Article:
Wednesday, 27 October 2010

Assignment 11.Working from photographs, My Garden

The 'working from photographs' assignment required a floral painting suitable for a card design. I attempted a looser style of painting, which isn't really my thing and it felt a bit awkward and not very botanical. I found this to be a pretty awful assignment which wasn't anything to do with botanical art.
Above  detail from what turned out to be a more illustrative approach....this was a lot of work!
I decided to paint a corner of my garden working from a number of photographs taken this year - I would have liked to try something a bit more creative but the garden was handy and I was a bit short of time due to work, children and grandchildren.
The agapanthus was the obvious choice for a feature - there wasn't much left that looked half decent because high winds had flattened everything else! I made  lots of colour notes - the reproduction in the photographs is a little inaccurate so some care had to be taken. The painted lady butterfly was a regular visitor to both the agapanthus and the lavender and added a bit of interest. I  assembled the sketches and traced the whole image which was transferred to my watercolour paper (roughly A3 size). I took about 3 days from start to finish. Valerie Wright was my tutor for this assignment. I think this is the worst thing I've done so far....not my thing.

My Garden, not happy with that loose background but it'll have to do

Only one more assignment to go, then the Diploma Portfolio. It's just flown by in a fairly uneventful way so far, can't believe I'm nearly at the end of the assignments. Still no contact with tutors, just the sheets back, some give more feedback than others. I honestly don't think I've learned anything from this experience.

Monday, 4 October 2010

Working in the Field, Assignment 10, Coastal Flowers

Assignment 10. Working in the Field.
I chose to work at a coastal site, Gardenstown, which is just a few miles from my home on the north east coast of Scotland. I had studied the site for my biology dissertation a few years ago so was pretty familiar with the habitat. Five species were required for this assignment, one had to show surrounding vegetation/ habitat and one cross section/dissection. Simon Williams is the tutor.
I chose Parnassia palustris (grass of parnassus), Succisa pratensis ( Devil's bit scabious), Prunella vulgaris(self heal)  Trifolium pratense (red clover) and Rhinanthus minor (yellow rattle), which had gone to seed.   I think I could have made the Parnassia dissection larger....oh well too late now. Loved doing  this one! but not happy with the result. I don't know why on earth I decided on this layout, probably because of the size of the paper.... I can see how it should be laid out now! I had quite a lot of domestic problems at this time but plodded on - it looks a bit rushed and unfinished to me.

Detail from the Scabacious, unfinished, needs a wash over the leaves etc.

Simon liked the work he was complementary but agreed that it needed a bit more work and general finishing including the wash on the greens,,,,,not sure why I didn't do that it was an easy option but I was rushin, he was spot on in his observations on this one. The mark was good enough, but I could have done a much better job of this. I was a bit disappointed in myself for failing to find the time. My error and a kick up the backside for me:)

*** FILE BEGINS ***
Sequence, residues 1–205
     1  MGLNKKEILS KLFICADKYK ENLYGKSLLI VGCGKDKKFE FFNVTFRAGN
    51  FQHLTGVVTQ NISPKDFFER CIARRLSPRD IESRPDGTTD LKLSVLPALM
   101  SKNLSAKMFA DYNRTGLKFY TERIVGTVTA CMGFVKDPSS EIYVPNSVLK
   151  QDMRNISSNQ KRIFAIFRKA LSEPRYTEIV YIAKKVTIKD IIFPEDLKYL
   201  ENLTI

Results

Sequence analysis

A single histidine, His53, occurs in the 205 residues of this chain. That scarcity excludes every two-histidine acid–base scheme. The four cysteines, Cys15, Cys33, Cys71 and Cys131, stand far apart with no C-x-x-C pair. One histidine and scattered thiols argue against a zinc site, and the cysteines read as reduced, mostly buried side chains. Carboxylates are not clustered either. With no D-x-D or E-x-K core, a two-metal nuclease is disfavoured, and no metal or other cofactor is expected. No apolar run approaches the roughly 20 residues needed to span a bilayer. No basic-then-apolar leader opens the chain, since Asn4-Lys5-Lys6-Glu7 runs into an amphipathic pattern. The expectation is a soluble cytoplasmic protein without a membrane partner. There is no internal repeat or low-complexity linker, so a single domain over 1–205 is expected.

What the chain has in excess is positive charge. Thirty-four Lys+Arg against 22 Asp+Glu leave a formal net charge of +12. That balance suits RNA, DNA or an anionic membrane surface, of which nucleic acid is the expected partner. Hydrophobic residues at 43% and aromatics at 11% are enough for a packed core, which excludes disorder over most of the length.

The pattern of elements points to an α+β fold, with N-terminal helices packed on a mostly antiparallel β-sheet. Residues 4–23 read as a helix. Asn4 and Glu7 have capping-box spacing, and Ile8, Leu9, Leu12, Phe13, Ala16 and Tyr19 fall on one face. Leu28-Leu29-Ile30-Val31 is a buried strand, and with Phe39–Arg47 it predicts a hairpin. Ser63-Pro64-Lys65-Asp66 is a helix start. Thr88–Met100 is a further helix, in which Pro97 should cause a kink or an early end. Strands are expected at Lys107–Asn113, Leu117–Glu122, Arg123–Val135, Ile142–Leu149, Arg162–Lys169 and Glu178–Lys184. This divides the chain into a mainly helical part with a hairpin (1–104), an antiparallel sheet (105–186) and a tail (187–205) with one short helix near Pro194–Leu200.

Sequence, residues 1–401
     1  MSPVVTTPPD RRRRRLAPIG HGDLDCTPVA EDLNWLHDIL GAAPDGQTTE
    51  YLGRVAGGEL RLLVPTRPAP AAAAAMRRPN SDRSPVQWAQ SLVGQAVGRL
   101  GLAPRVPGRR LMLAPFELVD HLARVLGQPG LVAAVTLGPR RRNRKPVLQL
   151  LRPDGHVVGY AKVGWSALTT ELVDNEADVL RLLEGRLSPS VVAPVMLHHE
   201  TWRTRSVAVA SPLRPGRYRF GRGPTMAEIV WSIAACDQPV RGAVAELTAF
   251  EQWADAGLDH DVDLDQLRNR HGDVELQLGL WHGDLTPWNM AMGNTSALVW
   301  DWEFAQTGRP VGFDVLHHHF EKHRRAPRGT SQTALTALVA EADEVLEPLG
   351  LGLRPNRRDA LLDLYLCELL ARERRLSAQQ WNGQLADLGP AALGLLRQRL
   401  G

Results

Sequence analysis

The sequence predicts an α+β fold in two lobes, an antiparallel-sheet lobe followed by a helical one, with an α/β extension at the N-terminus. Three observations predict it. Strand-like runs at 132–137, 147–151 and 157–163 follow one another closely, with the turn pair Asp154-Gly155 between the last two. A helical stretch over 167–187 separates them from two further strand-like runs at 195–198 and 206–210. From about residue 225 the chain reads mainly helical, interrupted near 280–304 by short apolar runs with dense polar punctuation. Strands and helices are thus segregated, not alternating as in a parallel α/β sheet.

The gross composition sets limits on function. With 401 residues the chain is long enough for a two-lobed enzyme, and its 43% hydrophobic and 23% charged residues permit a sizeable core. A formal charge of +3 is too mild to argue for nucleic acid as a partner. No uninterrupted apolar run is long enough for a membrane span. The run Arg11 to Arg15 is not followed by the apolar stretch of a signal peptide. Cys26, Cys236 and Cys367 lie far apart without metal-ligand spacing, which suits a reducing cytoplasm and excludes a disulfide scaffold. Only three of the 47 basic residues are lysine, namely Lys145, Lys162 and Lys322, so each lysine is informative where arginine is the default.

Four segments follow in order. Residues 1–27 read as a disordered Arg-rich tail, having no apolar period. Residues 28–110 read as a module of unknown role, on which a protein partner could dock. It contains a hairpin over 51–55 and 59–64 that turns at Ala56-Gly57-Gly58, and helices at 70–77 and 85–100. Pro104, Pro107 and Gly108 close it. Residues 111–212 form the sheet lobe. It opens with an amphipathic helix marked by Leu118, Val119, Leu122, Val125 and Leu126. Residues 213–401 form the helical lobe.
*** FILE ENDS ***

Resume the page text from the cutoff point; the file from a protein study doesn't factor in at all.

I havent contacted any of the tutors yet, not sure if I should or not. I'm just kind send off the stuff and read the feedback and get on with it. Not sure if that's how it's suposed to be or not.

Tuesday, 14 September 2010

Botanical Illustration Assignment 9

Assignment 9. The Botanical Illustration. Pulsatilla vulgaris. Playing a bit safe really because I've painted it a few times. Again this assignment is worth more in marks with 15 marks.

This one is all about accuracy, not that the others aren't but there's more to measure. All assignments are marked with the same criteria, including on botanical accuracy but also on technique, composition, line and form, tone and colour. labelling of course has to be accurate too. This one will be scrutinised no doubt!  My turor Reinhild Raistrick who I had met at the SBA seminar in London and discussed the plant choice, she told me that Pulsatilla grow wild in East Anglia, where she lives and that she has painted them in situ many times, so perhaps I set myself a hard task choosing a plant she is very familiar with!  I wanted to paint a native species, it makes labelling compared to all those difficult to identify cultivars, but that's not the real reason, I just prefer native plants I guess..... and they're pretty important!

Detail showing all the fine hais on the flower stem and leaves, to add hais use a pale botanical grey mix against the white of the paper and add titanium white for hairs against the plant
I included side view opening bud, front view, seedhead leaves and enlarged reproductive parts and individual enlarged seed. Reproductive parts are lined up along the bottom and labelled neatly with pecil using a 'x' rather than a scale bar.  I think I could have included a rear view and closed bud but it's not essential.
The complete illustration, showing different aspects
My tutor said that the hue on these flowers is difficult particularly with the hairs but felt I had an accurate match.
The drawing she said was accurate and showed off the nature and shape of the subject to perfection!
She thought the botanical accuracy was 'professional'
For technique the washes and hairs she said were excellent...I've got a red face and big head now!
Composition well balanced and clean with labelling kept to a minimum on the front, as it should be.

The only suggestion was a possible light wash on the leaves to reduce the business.

Wow I was pretty pleased with that feedback and a good mark!